by Ellen cross posted from her blog When Church Hurts
Here is another interesting article on Covert Narcissism – specifically in the pastorate. As I read the indicators, I was again nodding my head in agreement.
The bullet point list in the article talks about “one-upping you in conversation.” I hadn’t thought much about this until I saw this point, but, yes, that happened in my very limited conversations with the pastor.
Also, “awkwardness in one to one interactions” – in fact, I often wondered if one of the reasons he avoided or limited interactions to a quick hand shake was because of his awkwardness.
“Apologies go only one way, to the pastor.” Read my story.
” . . . emotional shallowness and insincerity in their communication.” Yep.
” . . . ignoring your thoughts, ideas, issues, or story.” Yep.
“A consistent misinterpretation of what you say or write.” (Boldness added.)
“Tendency to name drop” – my former pastor intimated all of the important people and places he would go and speak with.
“Admonitions against . . . triangulation while they perpetrate the same.” Remember, he had proxies to deliver messages and spiritual abuse to me.
“Non-acceptance of even constructive criticism; usually met with rapid and vicious attack.” (Boldness added.)
“Occasional . . . contempt.” I was treated with contempt. My story drips with it.
The article also talks about the pastors “idealized image without real emotional depth and character” and how they will brag “about the number of new members . . . ignoring the flow of members leaving by the back door.”
Another biggie in the article is that the pastors’ preaching and teaching “usually tends to be quite simplistic” but “over time, others may complain of a lack of ‘meat’ in the sermons.” This was a common conversation between my husband and myself and a few folks who confided their discontent to us.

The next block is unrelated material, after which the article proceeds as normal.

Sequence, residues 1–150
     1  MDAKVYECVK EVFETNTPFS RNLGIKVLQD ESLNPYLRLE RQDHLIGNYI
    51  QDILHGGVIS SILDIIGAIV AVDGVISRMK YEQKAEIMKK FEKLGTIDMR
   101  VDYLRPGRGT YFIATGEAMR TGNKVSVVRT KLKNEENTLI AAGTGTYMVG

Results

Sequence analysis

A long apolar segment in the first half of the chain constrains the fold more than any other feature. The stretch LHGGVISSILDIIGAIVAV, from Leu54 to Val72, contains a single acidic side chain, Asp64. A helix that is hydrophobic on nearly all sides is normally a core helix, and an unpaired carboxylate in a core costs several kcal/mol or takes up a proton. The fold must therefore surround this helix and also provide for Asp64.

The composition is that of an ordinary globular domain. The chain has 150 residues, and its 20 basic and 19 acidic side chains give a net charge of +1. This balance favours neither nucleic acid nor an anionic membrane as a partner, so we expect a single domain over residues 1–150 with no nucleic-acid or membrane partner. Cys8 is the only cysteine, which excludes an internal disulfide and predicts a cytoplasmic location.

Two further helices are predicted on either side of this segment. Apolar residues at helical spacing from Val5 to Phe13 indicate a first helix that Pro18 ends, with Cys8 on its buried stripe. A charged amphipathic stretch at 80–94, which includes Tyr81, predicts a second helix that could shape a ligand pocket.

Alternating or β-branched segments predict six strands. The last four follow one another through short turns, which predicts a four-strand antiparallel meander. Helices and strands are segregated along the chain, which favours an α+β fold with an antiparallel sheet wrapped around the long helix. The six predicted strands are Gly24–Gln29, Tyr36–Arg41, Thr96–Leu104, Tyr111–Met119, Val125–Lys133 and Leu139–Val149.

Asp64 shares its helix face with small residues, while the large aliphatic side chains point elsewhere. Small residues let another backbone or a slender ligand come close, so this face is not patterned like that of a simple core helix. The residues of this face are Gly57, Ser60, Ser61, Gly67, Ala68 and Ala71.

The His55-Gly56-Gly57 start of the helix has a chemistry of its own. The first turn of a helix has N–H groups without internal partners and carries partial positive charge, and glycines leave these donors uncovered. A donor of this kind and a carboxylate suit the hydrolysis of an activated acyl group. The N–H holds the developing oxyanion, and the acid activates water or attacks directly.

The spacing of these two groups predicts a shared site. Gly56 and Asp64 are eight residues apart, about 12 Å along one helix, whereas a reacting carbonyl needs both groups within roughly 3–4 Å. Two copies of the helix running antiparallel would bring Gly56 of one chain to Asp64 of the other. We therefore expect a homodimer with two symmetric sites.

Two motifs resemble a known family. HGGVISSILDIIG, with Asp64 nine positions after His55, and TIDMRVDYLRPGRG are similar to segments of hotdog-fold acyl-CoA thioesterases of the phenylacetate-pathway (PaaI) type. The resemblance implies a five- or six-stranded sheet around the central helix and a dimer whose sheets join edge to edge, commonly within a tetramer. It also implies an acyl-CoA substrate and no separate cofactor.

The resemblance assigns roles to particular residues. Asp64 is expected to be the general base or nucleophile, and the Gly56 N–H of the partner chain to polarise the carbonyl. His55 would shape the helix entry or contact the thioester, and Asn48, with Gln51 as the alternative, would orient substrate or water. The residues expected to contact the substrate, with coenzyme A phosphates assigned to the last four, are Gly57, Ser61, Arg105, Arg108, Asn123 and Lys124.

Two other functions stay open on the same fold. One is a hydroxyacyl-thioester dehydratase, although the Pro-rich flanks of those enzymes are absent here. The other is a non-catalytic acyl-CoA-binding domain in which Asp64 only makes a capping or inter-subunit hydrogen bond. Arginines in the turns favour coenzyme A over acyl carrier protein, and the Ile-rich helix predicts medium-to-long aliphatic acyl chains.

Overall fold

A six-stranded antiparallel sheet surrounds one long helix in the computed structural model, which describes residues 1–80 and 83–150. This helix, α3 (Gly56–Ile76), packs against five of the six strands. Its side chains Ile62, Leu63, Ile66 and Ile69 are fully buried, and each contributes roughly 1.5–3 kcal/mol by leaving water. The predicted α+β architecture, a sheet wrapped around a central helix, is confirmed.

Scapegoating and targeting individuals and groups in meetings is another indicator. We were told that some staff even resigned because of what was said about people in staff meetings.
“A pattern of misrepresentation of facts” such as finances, plans and directions . . . and attendance numbers.” We often wondered how there could be as many people attending some of the sermons as was touted when the places was nearly empty whenever we attended those services. And there was no transparency in the financial decision making. Often, “plans and directions” were made and announced as a “done deal” without any congregational knowledge or input.
Of course, this article has much more to offer, but these are the points that resounded with me in my particular experience. I hope that if you have found your way here, it helps you to understand and recognize if you have been the victim of a covert narcissistic pastor.
One thing the article didn’t mention that I believe to be true at my former church: These pastors will eventually surround themselves with like-minded leadership who will support, encourage, and carry out (proxies) their narcissistic wishes. Just a thought.
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